The Flying Pig Bookstore in Shelburne, Vermont, celebrates its 20th anniversary this year. Elizabeth Bluemle and Josie Leavitt, newly arrived from New York City in ’96, opened it on something of a whim with 6,500 books; they now stock more than 30,000. The bookstore has won national bookselling awards, including the Lucile Micheels Pannell Award, for its bighearted, tailored customer service and community events. Here, Bluemle, who was a judge for the 2016 Kirkus Prize for Young Readers’ Literature, gives us a store tour and introduces the pig that started it all.
How would you describe the Flying Pig bookstore to the uninitiated?
We’re a 20-year-old independent community bookstore started improbably in the mid-90s in a Vermont village of 3,500 people. Since that population base is around .007 of what a bookstore is supposed to have in order to succeed, we figured, eh, close enough, and opened our doors. It was a crazy dream. The store was founded by a writer/school librarian and a writer/stand-up comic, so you might imagine the atmosphere: friendly, relaxed, and full of happy book love on the shopping side of the checkout counter and cheerful with a side of comic chaos in the back office.
Our selection is about 65 percent children’s and YA literature and 35 percent books for adults. The Flying Pig has been a place where families of readers are born and grow up. We have had a baby take its first step in our store, hosted a wedding, said goodbyes to beloved elder customer-friends, and had the great fortune of meeting the babies of the babies who grew up coming to our store (aka Flying Pig grandchildren). We’ve donated thousands of books and tens of thousands of dollars over the years to local schools and organizations, have been lucky enough to win some awards and get a little national press, and have worked with countless teachers, librarians, and nonprofits to get fantastic books into the hands of young readers. What began with 6,500 books and a dream has turned into 30,000 books and a place in the heart of our small community. It’s been an unexpectedly enduring and rewarding ride.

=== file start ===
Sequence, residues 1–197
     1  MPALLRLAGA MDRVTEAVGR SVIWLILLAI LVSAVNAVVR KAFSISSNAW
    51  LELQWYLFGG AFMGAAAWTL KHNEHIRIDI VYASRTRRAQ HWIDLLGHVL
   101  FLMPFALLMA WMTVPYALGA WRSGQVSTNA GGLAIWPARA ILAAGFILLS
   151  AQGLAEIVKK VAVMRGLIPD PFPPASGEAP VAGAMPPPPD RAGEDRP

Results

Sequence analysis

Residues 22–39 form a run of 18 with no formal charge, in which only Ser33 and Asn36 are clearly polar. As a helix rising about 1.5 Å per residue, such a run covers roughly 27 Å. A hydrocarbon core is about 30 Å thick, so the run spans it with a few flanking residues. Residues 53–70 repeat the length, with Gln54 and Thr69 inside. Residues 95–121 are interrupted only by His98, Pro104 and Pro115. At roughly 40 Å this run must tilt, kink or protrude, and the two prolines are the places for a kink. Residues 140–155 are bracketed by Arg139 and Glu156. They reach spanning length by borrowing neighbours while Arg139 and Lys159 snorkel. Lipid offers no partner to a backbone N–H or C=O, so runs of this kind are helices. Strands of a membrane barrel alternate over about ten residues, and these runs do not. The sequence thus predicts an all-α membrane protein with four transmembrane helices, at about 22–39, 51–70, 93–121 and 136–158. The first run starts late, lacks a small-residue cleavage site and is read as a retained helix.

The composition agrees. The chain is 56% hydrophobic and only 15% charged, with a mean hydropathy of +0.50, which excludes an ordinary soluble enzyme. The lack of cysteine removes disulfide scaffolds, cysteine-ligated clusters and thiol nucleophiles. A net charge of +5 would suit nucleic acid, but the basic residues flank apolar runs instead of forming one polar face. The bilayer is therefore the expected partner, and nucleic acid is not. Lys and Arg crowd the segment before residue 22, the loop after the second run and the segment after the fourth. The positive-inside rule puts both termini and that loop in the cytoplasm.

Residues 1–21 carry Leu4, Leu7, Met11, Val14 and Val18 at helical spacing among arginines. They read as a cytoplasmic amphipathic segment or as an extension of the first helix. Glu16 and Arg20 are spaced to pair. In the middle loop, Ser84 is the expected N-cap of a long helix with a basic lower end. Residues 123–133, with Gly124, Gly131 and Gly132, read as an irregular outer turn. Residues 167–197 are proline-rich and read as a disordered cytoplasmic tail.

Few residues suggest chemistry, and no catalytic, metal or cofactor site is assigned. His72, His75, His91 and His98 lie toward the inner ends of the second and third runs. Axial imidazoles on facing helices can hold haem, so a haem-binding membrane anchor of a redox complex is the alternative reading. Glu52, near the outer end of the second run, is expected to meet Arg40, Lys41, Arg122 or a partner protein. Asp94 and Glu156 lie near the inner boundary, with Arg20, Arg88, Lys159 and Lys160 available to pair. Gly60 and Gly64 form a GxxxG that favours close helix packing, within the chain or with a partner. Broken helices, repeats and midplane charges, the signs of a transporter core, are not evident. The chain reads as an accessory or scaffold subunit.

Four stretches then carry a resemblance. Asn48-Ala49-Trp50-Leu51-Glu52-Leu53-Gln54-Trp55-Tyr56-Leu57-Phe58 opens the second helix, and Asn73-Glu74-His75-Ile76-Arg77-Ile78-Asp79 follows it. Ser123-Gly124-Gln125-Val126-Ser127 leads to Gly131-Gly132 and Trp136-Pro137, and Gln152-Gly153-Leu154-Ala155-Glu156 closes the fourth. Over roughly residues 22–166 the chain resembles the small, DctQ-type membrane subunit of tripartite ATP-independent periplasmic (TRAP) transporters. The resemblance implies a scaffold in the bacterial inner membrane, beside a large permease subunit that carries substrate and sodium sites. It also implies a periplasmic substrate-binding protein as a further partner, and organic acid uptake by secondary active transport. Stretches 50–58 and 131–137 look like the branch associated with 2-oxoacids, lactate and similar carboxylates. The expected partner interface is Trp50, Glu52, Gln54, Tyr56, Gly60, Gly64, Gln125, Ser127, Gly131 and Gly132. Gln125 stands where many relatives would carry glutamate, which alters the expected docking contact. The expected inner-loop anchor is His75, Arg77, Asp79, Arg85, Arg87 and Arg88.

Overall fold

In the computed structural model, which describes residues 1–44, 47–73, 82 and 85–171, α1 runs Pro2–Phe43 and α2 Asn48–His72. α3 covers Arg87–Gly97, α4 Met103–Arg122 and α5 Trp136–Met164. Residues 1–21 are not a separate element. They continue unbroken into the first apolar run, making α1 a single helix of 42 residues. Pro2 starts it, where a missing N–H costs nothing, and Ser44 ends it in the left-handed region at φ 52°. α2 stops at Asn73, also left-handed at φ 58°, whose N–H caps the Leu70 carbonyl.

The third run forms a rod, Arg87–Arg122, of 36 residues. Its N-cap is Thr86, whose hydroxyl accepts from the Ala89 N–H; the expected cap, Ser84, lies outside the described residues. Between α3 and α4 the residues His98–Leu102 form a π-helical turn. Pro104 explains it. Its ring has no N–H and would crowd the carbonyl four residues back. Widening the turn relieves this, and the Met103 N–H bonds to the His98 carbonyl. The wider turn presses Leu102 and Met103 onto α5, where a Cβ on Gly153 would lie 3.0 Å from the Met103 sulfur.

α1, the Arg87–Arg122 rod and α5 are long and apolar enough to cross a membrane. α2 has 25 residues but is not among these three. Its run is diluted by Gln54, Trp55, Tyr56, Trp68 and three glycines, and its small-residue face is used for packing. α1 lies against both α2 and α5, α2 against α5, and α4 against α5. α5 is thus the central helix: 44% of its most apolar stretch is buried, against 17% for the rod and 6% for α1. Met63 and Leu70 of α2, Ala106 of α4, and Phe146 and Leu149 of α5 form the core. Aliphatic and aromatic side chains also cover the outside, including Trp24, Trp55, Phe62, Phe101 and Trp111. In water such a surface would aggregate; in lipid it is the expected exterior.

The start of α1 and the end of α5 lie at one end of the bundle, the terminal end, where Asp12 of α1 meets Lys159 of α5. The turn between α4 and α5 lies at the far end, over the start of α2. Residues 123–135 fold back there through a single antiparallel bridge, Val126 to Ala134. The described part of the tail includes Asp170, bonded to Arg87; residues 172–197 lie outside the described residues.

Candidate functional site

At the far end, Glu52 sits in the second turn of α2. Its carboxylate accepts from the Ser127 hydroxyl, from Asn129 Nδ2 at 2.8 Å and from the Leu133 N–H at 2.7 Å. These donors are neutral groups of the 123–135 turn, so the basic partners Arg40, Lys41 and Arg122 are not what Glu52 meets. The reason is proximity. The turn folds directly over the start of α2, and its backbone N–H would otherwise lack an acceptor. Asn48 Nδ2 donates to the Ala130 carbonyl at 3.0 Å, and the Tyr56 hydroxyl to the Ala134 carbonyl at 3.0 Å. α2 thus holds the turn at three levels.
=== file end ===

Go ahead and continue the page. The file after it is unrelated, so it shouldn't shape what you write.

If the Flying Pig were a religion, what would be its icons and tenets?
The temple of our esteemed flying pig, Hamlet Phineas Philo, would be so ecumenical as to outdo a Unitarian Universalist Church. Unconstrained by dogma, the Flying Pig is an environment where all are welcome and anything is possible. Our motto is “possunt quia posse videntur” or “They can because they believe they can”—which is the secret to how pigs fly and how humans accomplish their most difficult dreams. Our tenets spring from the valuing of diversity, quality, joy, liveliness, entertainment, curiosity, and knowledge. When you think about it, a bookstore is one of the few community places where there is truly something for everyone, of any age. The only other retail environments that can make that claim are grocery and drug stores, and those, while vital, rarely make you laugh and think in quite the same way as a bookstore full of ideas.
Which was your favorite event, and why?